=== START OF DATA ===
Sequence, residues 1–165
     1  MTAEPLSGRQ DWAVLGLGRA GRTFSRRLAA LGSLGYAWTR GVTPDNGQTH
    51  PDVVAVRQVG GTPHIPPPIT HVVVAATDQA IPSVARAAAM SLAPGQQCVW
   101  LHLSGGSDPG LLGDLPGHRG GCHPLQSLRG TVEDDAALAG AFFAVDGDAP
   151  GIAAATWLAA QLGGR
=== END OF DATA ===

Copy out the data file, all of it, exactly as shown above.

Sequence, residues 1–165
     1  MTAEPLSGRQ DWAVLGLGRA GRTFSRRLAA LGSLGYAWTR GVTPDNGQTH
    51  PDVVAVRQVG GTPHIPPPIT HVVVAATDQA IPSVARAAAM SLAPGQQCVW
   101  LHLSGGSDPG LLGDLPGHRG GCHPLQSLRG TVEDDAALAG AFFAVDGDAP
   151  GIAAATWLAA QLGGR